Coretta Scott King (Author) Book Award recognizing an African American author and illustrator of outstanding books for children and young adults:

Hand in Hand: Ten Black Men Who Changed America, written by Andrea Davis Pinkney and illustrated by Brian Pinkney is the King Author Book winner. The book is published by Disney/Jump at the Sun Books, an imprint of Disney Book Group.

Two King Author Honor Books were selected: Each Kindness by Jacqueline Woodson, illustrated by E. B. Lewis and published by Nancy Paulsen Books, a division of Penguin Young Readers Group; and No Crystal Stair: A Documentary Novel of the Life and Work of Lewis Michaux, Harlem Bookseller by Vaunda Micheaux Nelson, illustrated by R. Gregory Christie and published by Carolrhoda Lab, an imprint of Carolrhoda Books, a division of Lerner Publishing Group Inc.

Coretta Scott King (Illustrator) Book Award:

I, Too, Am America, illustrated by Bryan Collier, is the King Illustrator Book winner. The book is written by Langston Hughes and published by Simon & Schuster Books for Young Readers, an imprint of Simon & Schuster Children’s Publishing Division.

Three King Illustrator Honor Books were selected: H. O. R. S. E., illustrated and written by Christopher Myers, and published by Egmont USA; Ellen’s Broom, illustrated by Daniel Minter, written by Kelly Starling Lyons and published by G. P. Putnam’s Sons, a division of Penguin Young Readers Group; and I Have a Dream: Martin Luther King Jr. illustrated by Kadir Nelson, written by Martin Luther King Jr. and published by Schwartz & Wade Books, an imprint of Random House Children’s Books, a division of Random House Inc.

Michael L. Printz Award for excellence in literature written for young adults:

In Darkness, written by Nick Lake, is the 2013 Printz Award winner. The book is published by Bloomsbury Books for Young Readers.

Four Printz Honor Books also were named: Aristotle and Dante Discover the Secrets of the Universe by Benjamin Alire Sáenz, published by Simon & Schuster Books for Young Readers, an imprint of Simon & Schuster Children’s Publishing Division; Code Name Verity by Elizabeth Wein, published by Hyperion, an imprint of Disney Book Group; Dodger by Terry Pratchett, published by HarperCollins Children’s Books, a division of HarperCollins Publishers; The White Bicycle by Beverley Brenna, published by Red Deer Press.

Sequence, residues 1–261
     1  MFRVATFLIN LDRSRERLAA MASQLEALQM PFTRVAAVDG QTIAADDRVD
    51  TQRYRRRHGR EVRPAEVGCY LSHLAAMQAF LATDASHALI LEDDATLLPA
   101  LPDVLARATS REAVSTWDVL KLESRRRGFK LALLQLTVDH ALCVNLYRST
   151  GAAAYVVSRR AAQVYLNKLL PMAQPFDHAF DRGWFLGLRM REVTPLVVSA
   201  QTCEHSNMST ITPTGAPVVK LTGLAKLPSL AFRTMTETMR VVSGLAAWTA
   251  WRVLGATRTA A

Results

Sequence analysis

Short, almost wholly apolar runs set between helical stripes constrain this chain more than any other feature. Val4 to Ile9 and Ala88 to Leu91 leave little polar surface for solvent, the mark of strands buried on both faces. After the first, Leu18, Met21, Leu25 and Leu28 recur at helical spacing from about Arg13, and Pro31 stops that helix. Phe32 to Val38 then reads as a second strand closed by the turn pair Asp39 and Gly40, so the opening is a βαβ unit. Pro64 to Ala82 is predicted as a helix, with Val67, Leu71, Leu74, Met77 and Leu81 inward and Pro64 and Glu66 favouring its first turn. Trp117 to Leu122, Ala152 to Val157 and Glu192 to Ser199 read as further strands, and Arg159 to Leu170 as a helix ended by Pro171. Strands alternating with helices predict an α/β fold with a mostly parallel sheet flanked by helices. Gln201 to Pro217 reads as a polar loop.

Schneider Family Book Award for books that embody an artistic expression of the disability experience:

Back to Front and Upside Down! written and illustrated by Claire Alexander and published by Eerdmans Books for Young Readers, an imprint of Wm. B. Eerdmans Publishing Co., wins the award for children ages 0 to 10.

A Dog Called Homeless written by Sarah Lean and published by Katherine Tegen Books, an imprint of HarperCollins Publishers, is the winner of the middle-school (ages 11-13) award.

The teen (ages 13-18) award winner is Somebody, Please Tell Me Who I Am, written by Harry Mazer and Peter Lerangis and published by Simon & Schuster Books for Young Readers, an imprint of Simon & Schuster Children’s Publishing Division.

Alex Awards for the 10 best adult books that appeal to teen audiences:

Caring Is Creepy, by David Zimmerman, published by Soho Press, Inc.

“Girlchild,” by Tupelo Hassman, published by Farrar, Straus and Giroux

“Juvenile in Justice,” by Richard Ross, published by Richard Ross

“Mr. Penumbra’s 24-Hour Bookstore,” by Robin Sloan, published by Farrar, Straus and Giroux

“My Friend Dahmer,” by Derf Backderf, published by Abrams ComicArts, an imprint of Abrams

“One Shot at Forever,” by Chris Ballard, published by Hyperion

“Pure,” by Julianna Baggott, published by Grand Central Publishing, a division of Hachette Book Group, Inc.

“The Round House,” by Louise Erdrich, published by Harper, an imprint of HarperCollins Publishers

“Tell the Wolves I’m Home,” by Carol Rifka Brunt, published by Dial Press, an imprint of the Random House Publishing Group, a division of Random House, Inc.

“Where’d You Go, Bernadette?,” by Maria Semple, published by Little, Brown and Company, a division of Hachette Book Group, Inc.

Andrew Carnegie Medal for excellence in children's video:

Katja Torneman, producer of “Anna, Emma and the Condors,” is the Carnegie Medal winner.